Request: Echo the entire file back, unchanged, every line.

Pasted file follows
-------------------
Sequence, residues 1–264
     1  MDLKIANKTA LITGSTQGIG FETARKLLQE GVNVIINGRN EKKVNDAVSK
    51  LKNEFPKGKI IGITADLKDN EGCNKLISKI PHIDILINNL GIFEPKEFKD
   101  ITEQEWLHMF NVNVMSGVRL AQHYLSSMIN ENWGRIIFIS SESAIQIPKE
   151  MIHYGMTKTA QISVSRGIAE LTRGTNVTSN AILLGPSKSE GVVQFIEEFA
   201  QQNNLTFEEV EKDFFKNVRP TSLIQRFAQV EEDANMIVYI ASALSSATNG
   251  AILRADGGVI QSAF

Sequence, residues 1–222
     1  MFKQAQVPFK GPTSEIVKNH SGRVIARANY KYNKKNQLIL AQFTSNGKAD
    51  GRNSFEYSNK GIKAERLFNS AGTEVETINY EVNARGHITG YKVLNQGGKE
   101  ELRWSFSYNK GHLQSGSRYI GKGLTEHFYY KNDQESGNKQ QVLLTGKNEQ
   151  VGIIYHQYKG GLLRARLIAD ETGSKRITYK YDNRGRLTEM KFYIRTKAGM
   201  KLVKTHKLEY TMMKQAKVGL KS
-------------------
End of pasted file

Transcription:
Sequence, residues 1–264
     1  MDLKIANKTA LITGSTQGIG FETARKLLQE GVNVIINGRN EKKVNDAVSK
    51  LKNEFPKGKI IGITADLKDN EGCNKLISKI PHIDILINNL GIFEPKEFKD
   101  ITEQEWLHMF NVNVMSGVRL AQHYLSSMIN ENWGRIIFIS SESAIQIPKE
   151  MIHYGMTKTA QISVSRGIAE LTRGTNVTSN AILLGPSKSE GVVQFIEEFA
   201  QQNNLTFEEV EKDFFKNVRP TSLIQRFAQV EEDANMIVYI ASALSSATNG
   251  AILRADGGVI QSAF

Sequence, residues 1–222
     1  MFKQAQVPFK GPTSEIVKNH SGRVIARANY KYNKKNQLIL AQFTSNGKAD
    51  GRNSFEYSNK GIKAERLFNS AGTEVETINY EVNARGHITG YKVLNQGGKE
   101  ELRWSFSYNK GHLQSGSRYI GKGLTEHFYY KNDQESGNKQ QVLLTGKNEQ
   151  VGIIYHQYKG GLLRARLIAD ETGSKRITYK YDNRGRLTEM KFYIRTKAGM
   201  KLVKTHKLEY TMMKQAKVGL KS